En EspaŅol

Q. Who is Mr. Smarty Plants?

A: There are those who suspect Wildflower Center volunteers are the culpable and capable culprits. Yet, others think staff members play some, albeit small, role. You can torture us with your plant questions, but we will never reveal the Green Guru's secret identity.

Help us grow by giving to the Plant Database Fund or by becoming a member

Did you know you can access the Native Plant Information Network with your web-enabled smartphone?

Share

Ask Mr. Smarty Plants

Ask Mr. Smarty Plants is a free service provided by the staff and volunteers at the Lady Bird Johnson Wildflower Center.

Search Smarty Plants
    
 
See a list of all Smarty Plants questions
Can't find the answer in our existing FAQs, submit a question to Mr. Smarty Plants.
Need help with plant identification, visit the plant identification page.
 
rate this answer
Not Yet Rated

Saturday - January 30, 2010

From: Cedar Park, TX
Region: Southwest
Topic: Non-Natives
Title: Will drought-stricken non-native St. Augustine come back in Cedar Park TX
Answered by: Barbara Medford

QUESTION:

I recently bought a new house but the grass in the yard looked completely dead (bought house in Nov) even though the neighbor's grass was still green. The previous owner stopped watering the grass (even though he had a sprinkler system). Will the grass come back (St Augustine)? What can I do to help it. I can't afford to re-sod the whole yard. I live in Cedar Park. Thanks!

ANSWER:

Since St. Augustine is not native to North America, it is out of the area of expertise of the Lady Bird Johnson Wildflower Center. Both because of economic reasons and watering restrictions last summer, a lot of people are probably facing the same problem. If you live in a Homeowner's Association requiring a closely mowed lawn and/or have a lot of shade on your lawn, you may be stuck with the St. Augustine. Now that we have had some rain, and assuming you will water when there is no rain, the grass should come back. It will, however, be heavily invaded by a number of weeds. The weeds probably ARE native to the Central Texas area, and will be more likely to survive than the grass, which needs quite a lot of water.

We understand your not wishing to re-sod all at once, but we would like to make some alternative suggestions. If you have some sunny areas in your lawn, there are native grasses that can actually be mowed and are acceptable to most Homeowner's Associations. See our How-To Articles on Native Lawns and Buffalograss. You could begin gradually replacing the St. Augustine with a more appropriate native plant, as time and resources allowed. You will still have to be vigilant about weeds, but you won't need to do all the fertilizing and watering that St. Augustine requires. Over time, you could completely replace the non-native plants with natives more appropriate for your environment. If you have areas of heavy shade because of trees, we would even suggest removing the lawn material there and putting down a good quality shredded bark mulch. This is attractive, requires no watering and helps to keep weeds down. As it decomposes it will add nourishment to the tree roots beneath it. Of course, it will need to be replenished from time to time, but likely only once or twice a year.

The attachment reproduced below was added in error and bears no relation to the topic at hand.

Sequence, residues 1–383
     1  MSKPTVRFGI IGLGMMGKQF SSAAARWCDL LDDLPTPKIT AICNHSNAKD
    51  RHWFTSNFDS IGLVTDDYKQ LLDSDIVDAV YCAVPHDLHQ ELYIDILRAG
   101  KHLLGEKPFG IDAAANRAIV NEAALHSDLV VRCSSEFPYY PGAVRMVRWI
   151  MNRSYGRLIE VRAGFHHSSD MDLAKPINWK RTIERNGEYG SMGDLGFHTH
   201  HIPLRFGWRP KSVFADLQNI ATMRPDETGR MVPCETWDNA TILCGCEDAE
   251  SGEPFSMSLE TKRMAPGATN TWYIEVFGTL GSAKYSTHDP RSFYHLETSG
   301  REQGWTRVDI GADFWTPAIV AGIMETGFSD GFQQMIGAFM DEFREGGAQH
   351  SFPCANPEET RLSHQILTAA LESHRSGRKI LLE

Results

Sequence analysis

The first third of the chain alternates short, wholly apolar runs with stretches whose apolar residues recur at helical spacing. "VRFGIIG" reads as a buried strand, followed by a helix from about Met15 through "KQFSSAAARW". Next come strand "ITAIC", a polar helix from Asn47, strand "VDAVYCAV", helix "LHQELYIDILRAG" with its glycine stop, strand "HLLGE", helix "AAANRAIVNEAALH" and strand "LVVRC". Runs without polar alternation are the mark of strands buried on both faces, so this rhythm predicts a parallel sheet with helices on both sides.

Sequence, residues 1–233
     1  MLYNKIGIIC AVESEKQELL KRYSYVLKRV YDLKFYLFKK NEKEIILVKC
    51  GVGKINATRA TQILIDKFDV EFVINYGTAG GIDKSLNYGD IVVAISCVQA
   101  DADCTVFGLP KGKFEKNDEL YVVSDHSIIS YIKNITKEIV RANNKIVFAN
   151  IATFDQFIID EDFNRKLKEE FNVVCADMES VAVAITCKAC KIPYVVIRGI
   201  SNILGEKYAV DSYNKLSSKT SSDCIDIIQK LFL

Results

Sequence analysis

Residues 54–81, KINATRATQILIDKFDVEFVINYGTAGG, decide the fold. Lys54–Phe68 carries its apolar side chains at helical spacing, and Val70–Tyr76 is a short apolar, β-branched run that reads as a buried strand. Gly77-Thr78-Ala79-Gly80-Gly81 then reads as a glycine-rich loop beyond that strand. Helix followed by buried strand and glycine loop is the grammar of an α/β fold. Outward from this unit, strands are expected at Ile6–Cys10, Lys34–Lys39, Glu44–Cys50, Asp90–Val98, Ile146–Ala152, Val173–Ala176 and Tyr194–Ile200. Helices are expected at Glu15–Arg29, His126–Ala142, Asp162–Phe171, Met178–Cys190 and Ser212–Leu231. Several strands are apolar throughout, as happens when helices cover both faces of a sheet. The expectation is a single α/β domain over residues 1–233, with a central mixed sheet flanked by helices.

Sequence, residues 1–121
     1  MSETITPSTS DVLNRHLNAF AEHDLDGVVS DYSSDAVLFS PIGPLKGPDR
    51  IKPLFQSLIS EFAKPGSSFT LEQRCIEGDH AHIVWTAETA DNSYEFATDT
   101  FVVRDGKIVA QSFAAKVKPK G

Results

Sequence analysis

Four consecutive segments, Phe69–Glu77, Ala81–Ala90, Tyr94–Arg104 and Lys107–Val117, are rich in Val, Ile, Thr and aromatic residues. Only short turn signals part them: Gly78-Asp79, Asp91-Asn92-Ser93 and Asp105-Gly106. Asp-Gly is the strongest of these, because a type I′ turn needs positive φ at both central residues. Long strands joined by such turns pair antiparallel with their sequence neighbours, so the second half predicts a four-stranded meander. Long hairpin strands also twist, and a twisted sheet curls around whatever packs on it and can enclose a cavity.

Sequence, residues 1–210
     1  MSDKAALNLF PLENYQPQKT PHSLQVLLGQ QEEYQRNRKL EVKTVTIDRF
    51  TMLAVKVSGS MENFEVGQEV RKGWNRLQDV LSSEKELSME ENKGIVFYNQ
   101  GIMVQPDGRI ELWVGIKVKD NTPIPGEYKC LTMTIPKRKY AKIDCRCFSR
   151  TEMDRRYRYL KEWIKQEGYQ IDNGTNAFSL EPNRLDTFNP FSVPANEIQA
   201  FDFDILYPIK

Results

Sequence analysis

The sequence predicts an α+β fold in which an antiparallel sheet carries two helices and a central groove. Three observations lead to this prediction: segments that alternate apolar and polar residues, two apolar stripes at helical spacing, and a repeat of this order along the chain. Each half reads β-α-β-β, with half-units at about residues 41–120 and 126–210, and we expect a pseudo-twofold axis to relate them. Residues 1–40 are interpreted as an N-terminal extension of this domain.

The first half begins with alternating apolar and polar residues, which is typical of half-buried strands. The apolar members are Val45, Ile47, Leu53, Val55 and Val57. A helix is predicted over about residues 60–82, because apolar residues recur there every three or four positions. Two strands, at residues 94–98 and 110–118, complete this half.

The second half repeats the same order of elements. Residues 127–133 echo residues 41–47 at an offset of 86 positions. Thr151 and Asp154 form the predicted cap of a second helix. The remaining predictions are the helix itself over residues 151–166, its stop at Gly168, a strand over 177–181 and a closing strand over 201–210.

From our Native Plant Image Gallery:


Bouteloua dactyloides

Hilaria belangeri var. belangeri

Bouteloua gracilis
 

More Non-Natives Questions

Problem with non-native Shasta daisies
July 10, 2014 - Our Shasta Daisy has bloomed quite prolifically this year. I don't know what to do with the spent blooms/stalks. Do I trim them down, save the seeds, plant the seeds? Any help is appreciated. Thank y...
view the full question and answer

Non-native ligustrum in non-native fescue in Medina TX
May 22, 2013 - Is there an effective way to kill baby ligustrums coming up in my fescue yard without harming the grass?
view the full question and answer

Non-native daylilies and pachysandra in same area from New York City
April 07, 2012 - Will daylilies and pachysandra thrive if planted in the same bed, or will they harm each other?
view the full question and answer

Elimination of non-native English ivy in Maryland
March 11, 2009 - I have Old English Ivy sprouting up throughout my side yard. What can I do to get rid of it? Would putting lime down help or Crabgrass control? What would you suggest and the easier the better as I...
view the full question and answer

Comments on non-native Tecomas from Phoenix AZ
October 11, 2011 - There was a question regarding red Tecomas but I see no way to make a comment directly to that. There are indeed red Tecomas on the market one being Tecoma x 'Bells of Fire' tm and ppaf. I am the ...
view the full question and answer

Smarty Plants's Facebook profile Support the Wildflower Center by Donating Online or Becoming a Member today.

Mr. Smarty Plants wants you to be his Facebook friend. Click the Facebook icon to add yourself to Mr. Smarty Plants list of friends.
E-NEWSLETTER | BECOME A MEMBER | DONATE NOW | MEDIA | SITEMAP
© 2014 Lady Bird Johnson Wildflower Center